Anna Smelley is a junior majoring in biology.

Fox’s reality TV actually entertains

Reality TV isn’t so bad after all. In my opinion, Fox producers did a wonderful job in their latest work, Joe Millionaire. They thought of this great idea for a hit show, and America proved them right. The 20 ladies thought they were competing for a multi-millionaire, but actually the bachelor was quite the opposite. I thought that Melissa M. was after the money.

She did mention that “money talks” and as she didn’t know what garlic looks like, it seems she would not be fit for a simple lifestyle. Zora is very down-to-earth and gorgeous. She believed in miracles and in the end, her fairy tale had a happy ending. But we’ll have to watch the interview next week to see if Evan and Zora are really soul mates who found each other on a TV show.

Duc Luong is a senior majoring in accounting.

Students should treat campus with respect

I’ve been a student at USF for a little more than three years. I really enjoy attending this university, regardless of all the politics. In comparison to a lot of other universities, I think we have a lot to be grateful for.

There is one thing, however, that constantly bothers me, and that’s the way we treat our campus. It really disgusts me to walk around campus and see how dirty it can be.

The prime example is the Library. There has not been a single day that I’ve walked into the men’s bathroom or the cafeteria and found them clean. Every day, paper towels are thrown on the floor, toilet seats are stained and someone feels that it is incumbent to write the revelations he received the night before on the walls.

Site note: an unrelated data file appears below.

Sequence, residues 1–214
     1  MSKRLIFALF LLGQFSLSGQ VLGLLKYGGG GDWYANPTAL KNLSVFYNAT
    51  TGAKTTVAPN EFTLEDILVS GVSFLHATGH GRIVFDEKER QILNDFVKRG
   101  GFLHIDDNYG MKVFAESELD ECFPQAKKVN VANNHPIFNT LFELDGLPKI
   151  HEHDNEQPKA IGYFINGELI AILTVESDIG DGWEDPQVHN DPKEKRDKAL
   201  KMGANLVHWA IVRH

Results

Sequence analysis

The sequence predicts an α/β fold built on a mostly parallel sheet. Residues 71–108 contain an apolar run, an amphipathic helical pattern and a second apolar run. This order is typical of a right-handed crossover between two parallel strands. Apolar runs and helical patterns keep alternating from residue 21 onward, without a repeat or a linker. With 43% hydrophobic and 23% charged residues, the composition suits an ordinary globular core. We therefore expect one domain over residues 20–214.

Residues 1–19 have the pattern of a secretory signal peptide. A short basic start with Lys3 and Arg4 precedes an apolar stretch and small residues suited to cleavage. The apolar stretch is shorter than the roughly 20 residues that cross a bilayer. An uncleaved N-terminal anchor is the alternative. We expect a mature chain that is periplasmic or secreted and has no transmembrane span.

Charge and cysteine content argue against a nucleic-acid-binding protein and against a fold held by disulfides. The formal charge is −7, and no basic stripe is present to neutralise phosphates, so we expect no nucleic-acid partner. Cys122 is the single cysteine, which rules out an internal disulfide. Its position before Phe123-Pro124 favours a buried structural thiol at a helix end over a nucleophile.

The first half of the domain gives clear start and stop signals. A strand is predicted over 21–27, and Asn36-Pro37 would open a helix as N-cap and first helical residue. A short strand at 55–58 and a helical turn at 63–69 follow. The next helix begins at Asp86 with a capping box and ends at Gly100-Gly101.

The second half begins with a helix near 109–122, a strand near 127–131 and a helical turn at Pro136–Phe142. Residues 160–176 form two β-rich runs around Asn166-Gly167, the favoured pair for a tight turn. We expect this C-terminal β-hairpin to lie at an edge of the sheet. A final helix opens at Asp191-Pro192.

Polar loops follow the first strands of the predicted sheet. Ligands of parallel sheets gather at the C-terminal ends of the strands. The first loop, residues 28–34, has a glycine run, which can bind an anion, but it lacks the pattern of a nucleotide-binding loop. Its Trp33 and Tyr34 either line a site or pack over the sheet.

As a student and citizen of this campus (remember, this is Bulls Country), I ask all those who read this to kindly treat our USF with a bit of dignity and respect. Keep our campus clean. In the end, those who have been given the task of maintaining our campus, as well as everyone else, will be happier. Thank you, and God bless.

Musab Al-Yahia is a senior majoring in interdisciplinary sciences and chemistry.

War media coverage needs balancing

A few days ago, I heard that a group of Palestinians blew up an Israeli army tank, killing four soldiers. However, I was disappointed when I heard how the Israeli army retaliated. The Israeli army killed more than a dozen Palestinians and bulldozed several houses, forcing families out onto the streets. I didn’t hear any media outlet calling Israel’s actions acts of “terror.” The United Nations’ definition of terrorism is “killing civilians for a political cause.”

Using this definition, how could the media call any action by Palestinians terrorism when many incidents, such as the one above, target the military? By the same token, it is documented that Israel deliberately killed hundreds of (Palestinian) civilians including many children. Shouldn’t that be called terrorism?

Many media outlets, such as Fox and CNN, focus more on the Israeli victims than on the Palestinian victims, despite the fact that for every Israeli killed there are four Palestinians killed. Even in interview segments, we see more people who are pro-Israeli and anti-Arab (or anti-Muslim).

I encourage people to start doing some homework and realize that not everything the media tell us is true. Once people do that, they’ll start demanding more balanced coverage from the media.

Hamzah Mubrark is a freshman majoring in journalism.